Why teams are feeling the need – the need for speed – at the scrum base [part 2] Posted 8 months ago

How quickly times change, and how quickly changes move on and gather pace once they are recognized! It is only a matter of weeks since I penned this article for The Rugby Site Need for Speed.

At the beginning of that piece, I observed the response from Kiwi Super Rugby Pacific coaches to the new trial laws requiring the scrum-half to retire at defensive scrums, rather than move forward and ‘chase to the base’:

“[Hurricane back-rower Peter] Lakai is typical of a growing trend in number 8 selection – or more accurately, the coaching view of what qualities are needed at the base of offensive scrums, regardless of the number on the jersey. In recent weeks, other natural flankers like Dalton Papali’i and Hugh Renton have been observed packing down at the back of the attacking set-piece.”

“…With the half-back out of play, there is a premium on an attacking eighth man who can quickly clear the screen of opposing loose forwards, and that means acceleration and speed into his running, rather than pure size and power.”

The article went on to illustrate how quick number 8’s, like Hugh Renton for the Highlanders and Ben Earl for Saracens in the U.K, could run a wider arc to the natural side (their right) from the base of the scrum, outflank the screen of defending loose forwards and successfully engage the scrum-half further downfield.

No more than a month has passed, and already there have been further developments. They were clearly in evidence during the crunch round 14 match between the top team in New Zealand (the Chiefs) and their counterparts in Australia (the Brumbies) at the GIO Stadium in Canberra.

The Chiefs selected a quicker number 8 with superior footballing skills (Luke Jacobson) at the base, shifting their more powerful ball-carrier (Pita-Gus Sowakula) to the side of the set-piece. In previous, pre-law trial seasons it has been the other way around.

Jacobson showcased some of the new possibilities as early as the 3rd minute of the game:

It looks very much as if the Chiefs have an ‘8-9 right’ move planned as Brad Weber begins to widen out beyond Jacobson, but a powerful drive by the Brumbies’ scrum on that side puts paid to those thoughts. If the defensive scrum-half was still allowed to ‘chase to the base’ in this scenario, Jacobson would probably be sacked for negative yardage, well behind the gain-line.

The new requirement allows him to pick up and go left, and make a very nice silk purse indeed out of the pig’s ear of a broken play. With the Brumbies’ right wing (#14 Andy Muirhead) defending in the backfield against the kick, the home scrum-half (#9 Ryan Lonergan) is manning the short-side, but he is not in position to tackle Jacobson until play has moved at least ten more metres further downfield:

The dummy pass takes both men out of the equation and Jacobson’s speed does the rest for an outstanding individual try.

The revelation that pick-ups going left are now just as viable as those moving in the other direction was reinforced later in the half:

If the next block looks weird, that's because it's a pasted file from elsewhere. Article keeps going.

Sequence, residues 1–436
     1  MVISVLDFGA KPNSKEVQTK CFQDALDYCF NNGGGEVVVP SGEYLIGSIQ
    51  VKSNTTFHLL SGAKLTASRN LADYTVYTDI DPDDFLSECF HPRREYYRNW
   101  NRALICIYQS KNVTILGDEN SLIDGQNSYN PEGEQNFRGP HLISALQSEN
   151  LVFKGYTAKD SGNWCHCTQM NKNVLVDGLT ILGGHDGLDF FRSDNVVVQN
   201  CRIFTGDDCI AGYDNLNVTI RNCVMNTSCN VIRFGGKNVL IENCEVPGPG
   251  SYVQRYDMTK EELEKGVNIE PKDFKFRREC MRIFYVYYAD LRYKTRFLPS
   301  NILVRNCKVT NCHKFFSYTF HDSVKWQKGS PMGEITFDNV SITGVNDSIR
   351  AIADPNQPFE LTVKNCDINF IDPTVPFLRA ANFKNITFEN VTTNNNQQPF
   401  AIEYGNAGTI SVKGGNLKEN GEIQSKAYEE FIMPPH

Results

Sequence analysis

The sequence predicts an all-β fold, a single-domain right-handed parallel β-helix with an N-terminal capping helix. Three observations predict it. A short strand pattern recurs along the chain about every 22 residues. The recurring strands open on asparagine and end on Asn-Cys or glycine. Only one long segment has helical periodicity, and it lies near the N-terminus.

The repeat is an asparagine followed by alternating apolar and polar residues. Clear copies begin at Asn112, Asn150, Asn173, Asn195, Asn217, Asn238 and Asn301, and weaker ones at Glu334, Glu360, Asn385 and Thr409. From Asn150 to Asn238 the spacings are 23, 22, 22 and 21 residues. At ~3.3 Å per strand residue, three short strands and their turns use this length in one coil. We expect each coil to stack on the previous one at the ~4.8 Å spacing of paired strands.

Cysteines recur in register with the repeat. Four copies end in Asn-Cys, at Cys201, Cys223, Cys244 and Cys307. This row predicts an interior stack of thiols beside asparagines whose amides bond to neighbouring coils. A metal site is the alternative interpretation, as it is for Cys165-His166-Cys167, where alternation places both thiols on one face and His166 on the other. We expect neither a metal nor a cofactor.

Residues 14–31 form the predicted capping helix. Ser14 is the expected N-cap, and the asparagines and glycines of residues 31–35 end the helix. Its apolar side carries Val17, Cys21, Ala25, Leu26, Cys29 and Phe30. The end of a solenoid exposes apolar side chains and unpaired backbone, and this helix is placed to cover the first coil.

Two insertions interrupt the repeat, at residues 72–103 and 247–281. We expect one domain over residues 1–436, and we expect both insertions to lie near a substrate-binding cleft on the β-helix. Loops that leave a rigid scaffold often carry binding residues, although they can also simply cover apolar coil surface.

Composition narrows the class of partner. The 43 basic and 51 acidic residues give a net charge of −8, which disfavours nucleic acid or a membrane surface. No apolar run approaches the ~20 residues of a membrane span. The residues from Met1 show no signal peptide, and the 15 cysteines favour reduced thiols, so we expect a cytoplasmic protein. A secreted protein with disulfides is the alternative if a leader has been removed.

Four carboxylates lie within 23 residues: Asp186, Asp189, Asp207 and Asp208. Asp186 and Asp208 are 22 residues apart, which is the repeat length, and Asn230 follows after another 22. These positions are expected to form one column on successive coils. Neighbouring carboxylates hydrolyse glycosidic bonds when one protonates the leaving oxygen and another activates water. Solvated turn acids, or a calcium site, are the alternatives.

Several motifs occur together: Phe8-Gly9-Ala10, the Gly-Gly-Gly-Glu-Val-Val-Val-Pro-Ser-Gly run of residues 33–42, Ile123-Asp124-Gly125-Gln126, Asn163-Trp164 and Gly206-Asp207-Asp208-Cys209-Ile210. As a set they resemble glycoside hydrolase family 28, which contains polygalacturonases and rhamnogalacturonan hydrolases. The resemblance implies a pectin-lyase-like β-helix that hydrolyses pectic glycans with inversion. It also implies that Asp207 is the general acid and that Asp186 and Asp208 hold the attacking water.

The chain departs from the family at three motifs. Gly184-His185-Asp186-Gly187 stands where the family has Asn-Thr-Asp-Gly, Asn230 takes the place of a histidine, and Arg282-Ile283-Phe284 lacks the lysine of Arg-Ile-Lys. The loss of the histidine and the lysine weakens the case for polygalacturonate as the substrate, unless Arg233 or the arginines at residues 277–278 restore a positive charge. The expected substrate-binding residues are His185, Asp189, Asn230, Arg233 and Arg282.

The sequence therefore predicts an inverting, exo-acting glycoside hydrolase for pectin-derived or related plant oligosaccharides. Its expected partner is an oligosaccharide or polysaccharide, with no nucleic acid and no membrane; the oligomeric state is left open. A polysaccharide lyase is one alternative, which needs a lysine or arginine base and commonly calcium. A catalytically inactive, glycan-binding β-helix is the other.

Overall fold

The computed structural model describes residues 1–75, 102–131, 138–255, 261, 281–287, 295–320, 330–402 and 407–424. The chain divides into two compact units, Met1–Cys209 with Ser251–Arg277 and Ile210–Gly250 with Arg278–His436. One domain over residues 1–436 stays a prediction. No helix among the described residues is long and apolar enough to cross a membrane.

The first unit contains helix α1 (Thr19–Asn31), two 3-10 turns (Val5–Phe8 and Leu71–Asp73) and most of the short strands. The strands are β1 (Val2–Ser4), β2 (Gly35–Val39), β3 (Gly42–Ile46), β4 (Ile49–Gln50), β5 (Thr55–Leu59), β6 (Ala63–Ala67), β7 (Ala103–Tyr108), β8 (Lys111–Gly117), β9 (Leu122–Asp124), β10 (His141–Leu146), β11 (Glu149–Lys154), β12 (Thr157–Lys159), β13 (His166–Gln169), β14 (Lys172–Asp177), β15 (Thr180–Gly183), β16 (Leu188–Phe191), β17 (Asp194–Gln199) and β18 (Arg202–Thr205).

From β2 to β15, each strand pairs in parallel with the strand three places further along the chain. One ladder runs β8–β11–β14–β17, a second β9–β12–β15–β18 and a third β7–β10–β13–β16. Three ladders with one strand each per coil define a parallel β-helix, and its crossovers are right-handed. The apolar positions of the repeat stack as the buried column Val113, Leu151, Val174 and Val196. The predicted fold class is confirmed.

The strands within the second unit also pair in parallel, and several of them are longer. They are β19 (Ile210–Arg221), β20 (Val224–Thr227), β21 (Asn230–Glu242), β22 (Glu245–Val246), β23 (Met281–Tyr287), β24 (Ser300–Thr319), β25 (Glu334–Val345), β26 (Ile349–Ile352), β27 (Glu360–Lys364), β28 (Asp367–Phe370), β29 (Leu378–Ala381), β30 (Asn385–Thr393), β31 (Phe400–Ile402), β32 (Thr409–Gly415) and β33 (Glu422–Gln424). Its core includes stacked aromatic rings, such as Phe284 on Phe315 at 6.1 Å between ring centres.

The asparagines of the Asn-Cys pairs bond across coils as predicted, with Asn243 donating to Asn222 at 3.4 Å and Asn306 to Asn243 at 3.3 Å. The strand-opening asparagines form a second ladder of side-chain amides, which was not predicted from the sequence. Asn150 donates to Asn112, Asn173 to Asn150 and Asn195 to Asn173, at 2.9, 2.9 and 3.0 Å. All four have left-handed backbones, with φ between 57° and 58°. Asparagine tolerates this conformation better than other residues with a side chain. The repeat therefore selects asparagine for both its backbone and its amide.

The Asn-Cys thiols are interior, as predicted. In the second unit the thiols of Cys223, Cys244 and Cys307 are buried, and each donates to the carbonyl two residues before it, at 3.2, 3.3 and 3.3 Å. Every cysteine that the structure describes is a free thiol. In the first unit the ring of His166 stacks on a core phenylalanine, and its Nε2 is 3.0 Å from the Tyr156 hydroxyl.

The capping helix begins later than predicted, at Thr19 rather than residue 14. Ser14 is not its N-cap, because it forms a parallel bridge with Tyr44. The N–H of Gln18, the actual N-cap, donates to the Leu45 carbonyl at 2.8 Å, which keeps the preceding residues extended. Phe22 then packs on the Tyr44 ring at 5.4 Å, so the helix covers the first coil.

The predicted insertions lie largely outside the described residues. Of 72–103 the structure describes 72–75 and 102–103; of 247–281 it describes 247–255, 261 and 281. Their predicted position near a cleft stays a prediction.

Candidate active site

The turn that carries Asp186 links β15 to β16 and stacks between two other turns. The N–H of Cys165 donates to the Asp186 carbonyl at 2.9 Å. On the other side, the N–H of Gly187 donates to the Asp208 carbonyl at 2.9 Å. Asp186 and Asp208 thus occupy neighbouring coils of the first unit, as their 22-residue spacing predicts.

Lonergan again drops back behind the last foot on defence, and this allows the Chiefs to use ‘channel one’ ball, emerging from underneath their left flanker’s feet, to launch their own strong-running halfback (Cortez Ratima) successfully off the base. The Brumbies #7 cannot make the tackle on Ratima and he is only stopped 10 metres further downfield by his opposite number.

Other instances from the game supported the lesson from the earlier article. They showed how hard it is to stop the pick-up going right with the defensive back-row out of play on a wider arc:

In both of these examples, two backs (the Brumbies’ #9 Lonergan and #10 Noah Lolesio in the first instance, and #21 Klayton Thorn and #11 Corey Toole in the second) are the first tacklers to make contact with a wide-ranging number 8 forward, rather than a defending back-rower. If the ball-carrier has quickness and ‘good feet’, it is a mismatch and he is in A1 position to make meaningful inroads.


The new law-trial requiring the defending scrum-half to drop back rather than chase up beyond the mid-point of the set-piece are having more of an impact than even the law-makers may have envisaged. It is helping to revive the use of the scrum as an attacking weapon significantly, by encouraging quicker number 8 forwards to pick up right or left under no duress at the base.

Both channel one (left) and channel two (right) are equally viable, and both #8 and #9 can be utilized as the focal point of attack. There is a good chance that the outcome will be a forward versus a back, with first contact made only 5-10 metres downfield. We can only hope that the trial will be consolidated into worldwide law in due course, because it is one of the best ideas to promote attacking rugby in recent times.

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Nick has worked as a rugby analyst and advisor to Graham Henry (1999-2002), Mike Ruddock (2004-2006) and latterly Stuart Lancaster (2011-2015). He also worked on the 2001 British & Irish Lions tour to Australia and produced his first rugby book with Graham Henry at the end of the tour. Since then, three more rugby books have followed, all of which of have either been nominated for, or won national sports book awards. The latest is a biography of Phil Larder, the first top Rugby League coach to successfully transfer over to Union. It is entitled “The Iron Curtain”. Nick has also written or contributed to four other books on literature and psychology. "He is currently writing articles for The Roar and The Rugby Site, and working as a strategy consultant to Stuart Lancaster and the Leinster coaching staff for their European matches."

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